Research

LLGL are pleased to assist in funding worthwhile research projects working to improve the world of organ donation.

Research

From left to right: Karim Hamaoui, Emily Thackray, Vassilios Papalois, Mandy Venters, Matt Coyne

Research

We are very proud to have funded some extremely exciting research into perfusion machines.  This cutting edge study uses a brand new clot-busting solution infused into the donor organ via a perfusion machine to prevent the risk of thrombosis and increase the number of viable organs for transplantation.  

Perfusion machines are already being used to prolong the viability of organs before they are transplanted into the recipient.  However, this innovative new technique perfuses the organ with special anti-coagulant proteins to pre-condition it and prevent clotting.  The research, which is being carried out by Imperial College, under the London Renal and Transplant Centre at Hammersmith Hospital, is currently focusing on kidneys; the results are extremely promising.

The hope is that this technique will have a three-fold positive effect on the donation and transplantation of organs.  Firstly, it will increase the number of viable organs, which will in turn increase the number of transplants carried out.  Secondly, it will reduce the event of clots forming in the newly transplanted organ, which can cause organ failure.  Thirdly, this technique will reduce the need for anti-clotting drugs to be given to the patient, thereby reducing the risk of bleeding and associated complications.

The average wait for a new kidney is three to four years.  Mr Vassilios Papalois, the consultant transplant surgeon at Hammersmith Hospital who is overseeing the project run by PhD student Karim Hamaoui, says "We hope that we will be able to use organs that are currently considered to be unsuitable for transplantation and also increase the chances of post-transplant survival and long-term function of those organs.  There is immense potential benefit for our patients."

We are very proud to have funded some extremely exciting research into perfusion machines.  This cutting edge study uses a brand new clot-busting solution infused into the donor organ via a perfusion machine to prevent the risk of thrombosis and increase the number of viable organs for transplantation.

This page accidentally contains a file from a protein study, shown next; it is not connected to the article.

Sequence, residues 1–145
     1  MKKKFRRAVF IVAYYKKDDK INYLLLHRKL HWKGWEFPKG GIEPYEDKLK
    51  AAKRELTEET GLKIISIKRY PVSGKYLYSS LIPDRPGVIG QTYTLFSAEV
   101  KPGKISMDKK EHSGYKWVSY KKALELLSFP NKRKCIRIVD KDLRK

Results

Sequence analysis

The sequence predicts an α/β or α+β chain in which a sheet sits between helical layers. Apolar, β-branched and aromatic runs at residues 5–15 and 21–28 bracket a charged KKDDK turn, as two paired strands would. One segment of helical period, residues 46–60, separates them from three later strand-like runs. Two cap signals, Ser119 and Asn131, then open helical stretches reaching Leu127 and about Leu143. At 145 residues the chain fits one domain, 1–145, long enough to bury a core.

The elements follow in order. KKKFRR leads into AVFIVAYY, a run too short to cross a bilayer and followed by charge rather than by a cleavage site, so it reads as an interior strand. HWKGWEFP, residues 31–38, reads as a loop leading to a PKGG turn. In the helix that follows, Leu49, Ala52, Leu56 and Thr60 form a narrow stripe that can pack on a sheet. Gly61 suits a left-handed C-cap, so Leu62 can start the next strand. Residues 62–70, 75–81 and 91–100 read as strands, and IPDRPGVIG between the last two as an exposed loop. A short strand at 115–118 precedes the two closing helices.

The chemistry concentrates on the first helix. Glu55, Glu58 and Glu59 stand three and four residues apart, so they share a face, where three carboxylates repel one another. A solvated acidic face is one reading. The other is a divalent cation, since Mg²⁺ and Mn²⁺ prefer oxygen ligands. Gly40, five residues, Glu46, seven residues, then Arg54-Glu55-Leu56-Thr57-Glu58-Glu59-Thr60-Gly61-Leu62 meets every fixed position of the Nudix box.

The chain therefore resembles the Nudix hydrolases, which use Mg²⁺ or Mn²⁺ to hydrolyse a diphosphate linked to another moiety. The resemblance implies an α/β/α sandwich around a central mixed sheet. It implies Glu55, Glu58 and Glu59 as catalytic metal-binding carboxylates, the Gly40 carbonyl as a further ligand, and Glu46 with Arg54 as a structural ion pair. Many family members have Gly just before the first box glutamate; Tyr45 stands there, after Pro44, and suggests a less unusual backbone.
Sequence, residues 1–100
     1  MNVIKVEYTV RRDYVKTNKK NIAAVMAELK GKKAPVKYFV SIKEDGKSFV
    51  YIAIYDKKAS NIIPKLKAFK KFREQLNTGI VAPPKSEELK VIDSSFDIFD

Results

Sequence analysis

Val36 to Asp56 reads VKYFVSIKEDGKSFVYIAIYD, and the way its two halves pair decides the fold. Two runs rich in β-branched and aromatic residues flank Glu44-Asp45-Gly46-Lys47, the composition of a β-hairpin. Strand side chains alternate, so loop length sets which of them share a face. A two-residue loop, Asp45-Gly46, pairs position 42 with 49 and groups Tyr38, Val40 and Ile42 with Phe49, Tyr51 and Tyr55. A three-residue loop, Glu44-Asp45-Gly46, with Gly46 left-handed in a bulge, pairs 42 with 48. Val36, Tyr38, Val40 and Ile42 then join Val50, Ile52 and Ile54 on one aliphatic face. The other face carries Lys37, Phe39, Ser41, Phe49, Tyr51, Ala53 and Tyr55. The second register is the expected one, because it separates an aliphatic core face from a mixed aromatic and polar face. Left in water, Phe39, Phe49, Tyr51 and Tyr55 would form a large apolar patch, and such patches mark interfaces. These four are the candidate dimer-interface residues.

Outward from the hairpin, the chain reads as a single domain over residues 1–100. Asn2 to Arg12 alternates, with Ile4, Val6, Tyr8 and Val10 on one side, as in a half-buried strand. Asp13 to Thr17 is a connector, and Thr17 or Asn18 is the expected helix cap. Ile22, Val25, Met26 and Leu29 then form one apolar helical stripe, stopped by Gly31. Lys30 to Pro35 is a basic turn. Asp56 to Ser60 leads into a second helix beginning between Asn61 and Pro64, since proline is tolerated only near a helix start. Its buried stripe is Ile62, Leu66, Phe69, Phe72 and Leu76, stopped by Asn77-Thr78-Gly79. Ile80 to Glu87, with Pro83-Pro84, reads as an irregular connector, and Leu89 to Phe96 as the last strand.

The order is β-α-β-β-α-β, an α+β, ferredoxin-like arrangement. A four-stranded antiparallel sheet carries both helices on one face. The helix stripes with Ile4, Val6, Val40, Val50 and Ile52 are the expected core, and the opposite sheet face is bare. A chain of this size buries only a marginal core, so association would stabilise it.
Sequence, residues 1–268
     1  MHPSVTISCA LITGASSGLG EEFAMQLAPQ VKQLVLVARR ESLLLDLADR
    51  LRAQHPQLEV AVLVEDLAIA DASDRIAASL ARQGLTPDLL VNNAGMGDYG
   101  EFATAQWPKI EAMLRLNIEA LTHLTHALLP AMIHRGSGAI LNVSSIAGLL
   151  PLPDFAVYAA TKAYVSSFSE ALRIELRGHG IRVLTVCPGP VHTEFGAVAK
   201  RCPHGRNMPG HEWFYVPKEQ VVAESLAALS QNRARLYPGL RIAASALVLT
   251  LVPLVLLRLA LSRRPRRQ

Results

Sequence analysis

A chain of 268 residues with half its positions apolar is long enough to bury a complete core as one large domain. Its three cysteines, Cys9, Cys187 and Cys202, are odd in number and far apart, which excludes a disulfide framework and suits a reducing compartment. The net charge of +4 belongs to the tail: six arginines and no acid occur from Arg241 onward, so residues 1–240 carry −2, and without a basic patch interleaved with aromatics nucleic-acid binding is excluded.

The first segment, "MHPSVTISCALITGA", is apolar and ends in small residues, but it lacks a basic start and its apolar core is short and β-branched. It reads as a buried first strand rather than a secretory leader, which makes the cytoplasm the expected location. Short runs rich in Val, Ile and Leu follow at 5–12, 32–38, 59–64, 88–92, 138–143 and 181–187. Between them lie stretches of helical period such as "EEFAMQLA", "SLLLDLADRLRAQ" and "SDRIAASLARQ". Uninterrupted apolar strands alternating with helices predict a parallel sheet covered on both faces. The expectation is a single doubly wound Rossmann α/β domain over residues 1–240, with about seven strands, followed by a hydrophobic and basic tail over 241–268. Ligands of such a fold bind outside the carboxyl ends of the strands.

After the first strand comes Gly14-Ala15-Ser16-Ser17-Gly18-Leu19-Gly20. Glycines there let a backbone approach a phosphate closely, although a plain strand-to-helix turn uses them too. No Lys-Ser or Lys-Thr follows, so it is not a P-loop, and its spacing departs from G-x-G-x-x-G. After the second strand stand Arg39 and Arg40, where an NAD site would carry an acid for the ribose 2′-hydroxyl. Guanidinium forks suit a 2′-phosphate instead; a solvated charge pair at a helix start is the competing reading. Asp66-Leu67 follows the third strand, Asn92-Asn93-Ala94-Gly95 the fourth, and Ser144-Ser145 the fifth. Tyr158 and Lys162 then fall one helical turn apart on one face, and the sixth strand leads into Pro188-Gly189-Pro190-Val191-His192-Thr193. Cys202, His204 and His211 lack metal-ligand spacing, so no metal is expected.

Perfusion machines are already being used to prolong the viability of organs before they are transplanted into the recipient.  However, this innovative new technique perfuses the organ with special anti-coagulant proteins to pre-condition it and prevent clotting.  The research, which is being carried out by Imperial College, under the London Renal and Transplant Centre at Hammersmith Hospital, is currently focusing on kidneys; the results are extremely promising.

The hope is that this technique will have a three-fold positive effect on the donation and transplantation of organs.  Firstly, it will increase the number of viable organs, which will in turn increase the number of transplants carried out.  Secondly, it will reduce the event of clots forming in the newly transplanted organ, which can cause organ failure.  Thirdly, this technique will reduce the need for anti-clotting drugs to be given to the patient, thereby reducing the risk of bleeding and associated complications.

The results from this project are extremely promising and were recently published in The Journal of Transplant and The Journal of Surgical Research.

New Projects

New Projects

We are currently working with a committee headed up by the transplant team at Newcastle University to allocate funds each year to be used as “pump priming” grants for potentially valuable research projects in the field of solid organ transplantation.  The allocation of these funds will be decided by a review board of five eminent clinicians and researchers, under the chairmanship of Professor Derek Manas, following a formal submission process.  The call for submissions will be advertised in July of each year and awarded by September.


TRAVEL FELLOWSHIP

In 2014 we received a generous donati­­on from the Smiths Group, which we used to create our first Travel Fellowship.

The travel fellowship was created for the development of collaborations, professional development and for the improvement of clinical care within transplant medicine. The fellowship is a bursary that provides travel expenses to the value of £5,000 which allows the awardee to attend other hospitals/institutes.

After advertising in the British Transplant Society newsletter, we received applications from a number of excellent candidates from varying areas of transplant medicine and research. A committee of Trustees decide who should receive this fellowship.


TRAVEL FELLOWSHIP 2016

LLGL is delighted to offer two Travel Fellowships in 2016 to clinicians, nurses and allied health professionals wishing to make collaborative visits to other institutes.  These fellowships are designed to promote international cooperation and advance training of those in the organ transplantation field.

The LLGL Travel Fellowships should offset the cost of travel and other expenses to enable transplant medicine professionals to carry out short-term studies in well-established transplant centres, enabling them to learn and use techniques or research approaches/methods not implemented in their host institution.

The maximum grant will be up to £5,000 (GBP) for each Travel Fellowship.  Fellowships will not be awarded to attend medical/scientific meetings, nor for course fees where training is requested.  The application process is competitive and the board of trustees will review all applications.

To request an application form, please email: info@livelifegivelife.org.uk.  The deadline for applications is 15th August 2016.  The successful applicant will be expected to make use of the fellowship grant within six months of the award (ie September 2016).